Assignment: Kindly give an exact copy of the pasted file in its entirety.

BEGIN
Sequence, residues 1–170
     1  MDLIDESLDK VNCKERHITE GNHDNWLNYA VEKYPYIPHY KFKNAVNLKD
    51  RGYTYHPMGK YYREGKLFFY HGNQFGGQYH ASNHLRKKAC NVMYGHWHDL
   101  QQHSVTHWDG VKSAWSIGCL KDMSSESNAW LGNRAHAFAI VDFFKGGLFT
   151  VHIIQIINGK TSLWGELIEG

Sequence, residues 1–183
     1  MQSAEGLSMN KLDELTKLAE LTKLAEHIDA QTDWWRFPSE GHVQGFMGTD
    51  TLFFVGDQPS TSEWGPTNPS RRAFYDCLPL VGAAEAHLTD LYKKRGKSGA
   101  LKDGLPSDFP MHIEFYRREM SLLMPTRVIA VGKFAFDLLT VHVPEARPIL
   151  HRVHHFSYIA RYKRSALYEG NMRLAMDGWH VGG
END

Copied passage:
Sequence, residues 1–170
     1  MDLIDESLDK VNCKERHITE GNHDNWLNYA VEKYPYIPHY KFKNAVNLKD
    51  RGYTYHPMGK YYREGKLFFY HGNQFGGQYH ASNHLRKKAC NVMYGHWHDL
   101  QQHSVTHWDG VKSAWSIGCL KDMSSESNAW LGNRAHAFAI VDFFKGGLFT
   151  VHIIQIINGK TSLWGELIEG

Sequence, residues 1–183
     1  MQSAEGLSMN KLDELTKLAE LTKLAEHIDA QTDWWRFPSE GHVQGFMGTD
    51  TLFFVGDQPS TSEWGPTNPS RRAFYDCLPL VGAAEAHLTD LYKKRGKSGA
   101  LKDGLPSDFP MHIEFYRREM SLLMPTRVIA VGKFAFDLLT VHVPEARPIL
   151  HRVHHFSYIA RYKRSALYEG NMRLAMDGWH VGG